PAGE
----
Electricity Reform in Europe

Electricity Reform in Europe

Towards a Single Energy Market

Edited by Jean-Michel Glachant and François Lévêque

The realisation of a European internal market for energy is still a work in progress. Written by leading European scholars and discussed with major energy stakeholders, this book presents a thorough analysis of the motives and methods needed to achieve a single European energy market.

Chapter 8: How Well Can One Measure Market Power in Restructured Electricity Systems?

Yves Smeers

Subjects: economics and finance, competition policy, energy economics, industrial economics, public sector economics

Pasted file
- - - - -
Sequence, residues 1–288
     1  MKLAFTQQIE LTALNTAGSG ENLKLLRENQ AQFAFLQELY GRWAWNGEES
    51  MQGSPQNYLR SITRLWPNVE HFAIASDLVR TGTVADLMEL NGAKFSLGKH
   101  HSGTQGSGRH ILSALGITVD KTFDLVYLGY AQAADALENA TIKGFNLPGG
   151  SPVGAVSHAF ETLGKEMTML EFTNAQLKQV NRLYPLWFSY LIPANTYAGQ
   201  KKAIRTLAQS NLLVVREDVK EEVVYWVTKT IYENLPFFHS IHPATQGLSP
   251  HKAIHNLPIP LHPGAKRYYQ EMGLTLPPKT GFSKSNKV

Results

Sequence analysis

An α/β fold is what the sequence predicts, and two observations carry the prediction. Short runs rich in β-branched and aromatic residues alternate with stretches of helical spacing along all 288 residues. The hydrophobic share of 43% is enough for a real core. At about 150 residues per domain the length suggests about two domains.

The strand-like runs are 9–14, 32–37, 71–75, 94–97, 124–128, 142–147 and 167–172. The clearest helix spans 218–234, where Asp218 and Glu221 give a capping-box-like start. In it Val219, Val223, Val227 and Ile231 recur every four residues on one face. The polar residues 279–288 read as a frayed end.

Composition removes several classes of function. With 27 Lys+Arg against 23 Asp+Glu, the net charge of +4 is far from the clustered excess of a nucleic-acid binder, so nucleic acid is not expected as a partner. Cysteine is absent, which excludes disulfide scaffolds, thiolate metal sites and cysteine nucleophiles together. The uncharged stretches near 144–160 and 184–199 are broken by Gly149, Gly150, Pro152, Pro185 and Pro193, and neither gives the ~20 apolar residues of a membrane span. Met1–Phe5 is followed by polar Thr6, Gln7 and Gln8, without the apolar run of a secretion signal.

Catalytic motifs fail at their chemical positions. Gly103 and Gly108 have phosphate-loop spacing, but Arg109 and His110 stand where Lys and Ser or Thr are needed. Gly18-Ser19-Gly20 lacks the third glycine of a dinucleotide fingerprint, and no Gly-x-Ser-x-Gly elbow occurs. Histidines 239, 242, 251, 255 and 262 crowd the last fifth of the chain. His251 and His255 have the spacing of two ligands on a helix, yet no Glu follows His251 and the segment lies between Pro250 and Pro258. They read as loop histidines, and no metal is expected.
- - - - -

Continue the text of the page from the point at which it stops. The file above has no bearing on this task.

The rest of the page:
1 Yves Smeers2 INTRODUCTION The integration of national electricity systems into a single internal European electricity market is not progressing well, with the result that the level of competition in the sector remains unsatisfactory. This had led to proposals to apply ex ante remedies that directly bear on the structure of national incumbents. These measures involve quantitative recommendations such as virtual auctioning of capacity or divestitures that increase the number of competing firms. The evaluation of these measures partly relies on computable oligopoly models of the restructured electricity sector. This chapter analyses the recent literature of these models and concludes that they are not currently capable of providing the degree of legal and regulatory certainty that the importance of these ex ante remedies requires. The state of the art in these models is such that their results reflect more a set of non-testable assumptions than observed facts or unambiguous theory. More academic work is necessary before these models can be applied in a legal or regulatory context. The conclusion is that the current emphasis on the structure of national electricity market distracts from the fundamental objective to introduce competition in the power sector by integrating the national markets into a single electricity market. The successive ‘Benchmarking Reports on the Implementation of the Gas and Electricity Internal Market’ of the European Commission (EC, 2002, 2003, 2004 and 2005) conclude the lack of integration of the electricity markets of the Members States and the poor development of competition in the sector....

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